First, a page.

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I thought that solar systems and galaxies are disk-shaped because that is the most stable shape under gravitation. Globular clusters are very old, often times older than their host galaxies, so why haven't they flattened out?

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    $\begingroup$ Because if they were disk-shaped, they wouldn't be globular clusters. $\endgroup$ – Mark Jul 15 at 20:20
  • $\begingroup$ Do globular clusters have big black holes in their center? $\endgroup$ – G griffo Jul 16 at 5:53
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In order to result in a disk-like stellar system there are two conditions that need to be satisfied. (a) The initial gas from which the stars form must have a significant ratio of rotational to gravitational energy. (b) The star formation would have to occur slowly enough, that the gas collapses to a disk before star formation is complete.

The formation of a disk from a spherically symmetric state requires a reduction (more negative) gravitational potential energy, whilst conserving angular momentum. This can only happen if there is some means to lose energy from the system in the form of dissipative interactions.

A pure stellar system is almost collisionless and there is no means to dissipate energy. That means once a spherical system of stars has formed, there is no way for it to become more disk-like. Thus if star formation takes place in a spherical way, then those stars will end up in a spherical system. Only in cases where the gas collapses to a disk before star formation occurs do we end up with disk-like systems. This is true of the disk of our Galaxy (and of the solar system).

In the case of globular clusters (and other types of star cluster in the Galaxy) it appears the star formation is rapid enough that the gas cannot have collapsed to a disk before most star formation is complete. NB. Many globular clusters do have measurable rotation.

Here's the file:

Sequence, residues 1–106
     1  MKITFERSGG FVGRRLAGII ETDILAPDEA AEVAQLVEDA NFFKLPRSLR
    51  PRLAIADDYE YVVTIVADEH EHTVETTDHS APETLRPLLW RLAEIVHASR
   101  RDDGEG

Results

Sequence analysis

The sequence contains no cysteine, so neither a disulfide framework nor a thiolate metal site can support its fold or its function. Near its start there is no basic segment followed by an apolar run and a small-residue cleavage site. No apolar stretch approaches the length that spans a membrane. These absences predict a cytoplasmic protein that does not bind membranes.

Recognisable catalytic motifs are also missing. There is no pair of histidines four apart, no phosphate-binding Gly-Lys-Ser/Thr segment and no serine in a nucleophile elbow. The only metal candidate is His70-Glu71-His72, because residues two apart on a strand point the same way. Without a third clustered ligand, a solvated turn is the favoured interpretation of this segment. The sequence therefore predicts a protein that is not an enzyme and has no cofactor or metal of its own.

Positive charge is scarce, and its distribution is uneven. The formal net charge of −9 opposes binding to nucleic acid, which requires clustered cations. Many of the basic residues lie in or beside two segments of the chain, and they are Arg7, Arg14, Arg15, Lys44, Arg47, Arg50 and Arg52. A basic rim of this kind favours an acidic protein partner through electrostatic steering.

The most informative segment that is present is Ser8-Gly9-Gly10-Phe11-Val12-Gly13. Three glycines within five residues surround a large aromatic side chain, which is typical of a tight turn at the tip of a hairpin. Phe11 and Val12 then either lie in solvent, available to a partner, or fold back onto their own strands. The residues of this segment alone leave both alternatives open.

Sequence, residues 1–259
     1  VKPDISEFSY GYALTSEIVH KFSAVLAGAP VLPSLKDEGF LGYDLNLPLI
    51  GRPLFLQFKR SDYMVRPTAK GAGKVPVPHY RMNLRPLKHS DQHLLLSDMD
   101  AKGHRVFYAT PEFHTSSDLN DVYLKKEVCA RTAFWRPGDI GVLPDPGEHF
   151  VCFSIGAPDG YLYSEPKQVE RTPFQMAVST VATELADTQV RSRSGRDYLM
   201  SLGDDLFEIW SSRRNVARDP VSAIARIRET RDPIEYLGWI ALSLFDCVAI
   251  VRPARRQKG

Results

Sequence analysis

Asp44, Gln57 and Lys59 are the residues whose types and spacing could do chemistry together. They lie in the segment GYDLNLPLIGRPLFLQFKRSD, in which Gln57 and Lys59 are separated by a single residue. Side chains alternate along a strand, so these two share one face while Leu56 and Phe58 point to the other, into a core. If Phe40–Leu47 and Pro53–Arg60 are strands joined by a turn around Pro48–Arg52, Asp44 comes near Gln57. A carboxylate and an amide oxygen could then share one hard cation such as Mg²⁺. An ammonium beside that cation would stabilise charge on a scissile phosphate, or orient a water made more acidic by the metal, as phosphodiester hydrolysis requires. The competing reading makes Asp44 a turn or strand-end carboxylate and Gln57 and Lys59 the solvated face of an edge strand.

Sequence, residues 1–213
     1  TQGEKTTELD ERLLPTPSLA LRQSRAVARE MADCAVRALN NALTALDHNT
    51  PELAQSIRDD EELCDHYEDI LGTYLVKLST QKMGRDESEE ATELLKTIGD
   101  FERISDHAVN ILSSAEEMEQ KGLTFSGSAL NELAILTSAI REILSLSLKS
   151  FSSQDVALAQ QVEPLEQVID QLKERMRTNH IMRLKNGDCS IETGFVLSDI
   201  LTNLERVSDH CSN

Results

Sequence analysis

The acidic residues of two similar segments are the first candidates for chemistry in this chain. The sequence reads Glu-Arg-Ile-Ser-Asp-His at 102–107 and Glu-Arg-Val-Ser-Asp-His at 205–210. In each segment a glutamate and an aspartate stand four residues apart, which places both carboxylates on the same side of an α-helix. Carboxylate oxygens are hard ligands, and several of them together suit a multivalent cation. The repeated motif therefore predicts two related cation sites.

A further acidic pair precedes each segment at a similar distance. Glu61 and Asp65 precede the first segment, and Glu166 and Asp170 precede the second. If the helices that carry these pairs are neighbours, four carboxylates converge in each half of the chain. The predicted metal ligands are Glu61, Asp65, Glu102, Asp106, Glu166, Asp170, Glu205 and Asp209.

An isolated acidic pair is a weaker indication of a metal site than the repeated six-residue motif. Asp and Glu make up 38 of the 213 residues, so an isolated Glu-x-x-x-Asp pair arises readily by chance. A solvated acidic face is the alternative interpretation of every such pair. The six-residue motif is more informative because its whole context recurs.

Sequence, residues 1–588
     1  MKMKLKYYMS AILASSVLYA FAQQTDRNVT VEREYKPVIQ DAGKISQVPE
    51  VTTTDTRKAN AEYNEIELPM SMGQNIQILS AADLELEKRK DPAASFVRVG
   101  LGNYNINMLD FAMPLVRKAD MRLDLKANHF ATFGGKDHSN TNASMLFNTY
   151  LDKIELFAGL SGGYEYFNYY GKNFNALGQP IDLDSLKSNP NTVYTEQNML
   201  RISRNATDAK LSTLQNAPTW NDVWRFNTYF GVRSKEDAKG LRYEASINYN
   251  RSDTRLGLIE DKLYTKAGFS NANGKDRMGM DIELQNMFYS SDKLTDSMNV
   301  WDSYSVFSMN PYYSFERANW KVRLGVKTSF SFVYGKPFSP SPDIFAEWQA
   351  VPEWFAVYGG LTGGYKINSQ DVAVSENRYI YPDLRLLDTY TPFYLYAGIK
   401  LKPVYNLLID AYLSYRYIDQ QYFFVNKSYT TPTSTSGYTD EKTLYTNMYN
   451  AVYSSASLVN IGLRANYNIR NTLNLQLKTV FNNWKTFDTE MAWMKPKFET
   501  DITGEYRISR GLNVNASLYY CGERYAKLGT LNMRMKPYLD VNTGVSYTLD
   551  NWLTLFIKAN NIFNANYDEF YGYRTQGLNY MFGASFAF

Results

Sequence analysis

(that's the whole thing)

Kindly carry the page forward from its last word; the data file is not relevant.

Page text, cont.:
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  • $\begingroup$ But physical friction is not the only effect responsible, right? There are also the gravity pulls, that for example cause heavier bodies to "fall" closer to the middle of a galaxy. I would assume that gravity assists would have similar effect and would flatten the cluster. Why doesn't that happen? $\endgroup$ – Tomáš Zato Jul 15 at 12:07
  • $\begingroup$ @TomášZato For the same reason that the planets don't fall into the Sun - any loss of potential energy results in a gain in kinetic energy. Heavier bodies do not generally fall closer to the middle of a galaxy. If you are talking about dynamical friction and mass segregation, that would have no effect on the sphericity of a cluster. $\endgroup$ – Rob Jeffries Jul 15 at 13:17
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While some galaxies are disk-shaped, others (elliptical galaxies) are more spherical. Disk-shaped systems are those in which conservation of angular momentum of the star-forming gas played a central role; for more spherical systems, this was not the case. Globular clusters are thought to form in the densest portions of gas in galaxies with the highest external pressure, possibly resulting from collisions of gas clouds. In this case, the initial angular momentum of the larger-scale gas distribution is irrelevant, and the dynamics of the gas on much smaller scales is more important.

To put it another way: it is not the case that disks are the most stable shape under gravitation; spheroidal or elliptical systems are also stable equilibria. The physics of collapse and formation determine the final shape. For globular clusters, the initial angular momentum of the gas is likely irrelevant because they condense out of much smaller pockets of gas.

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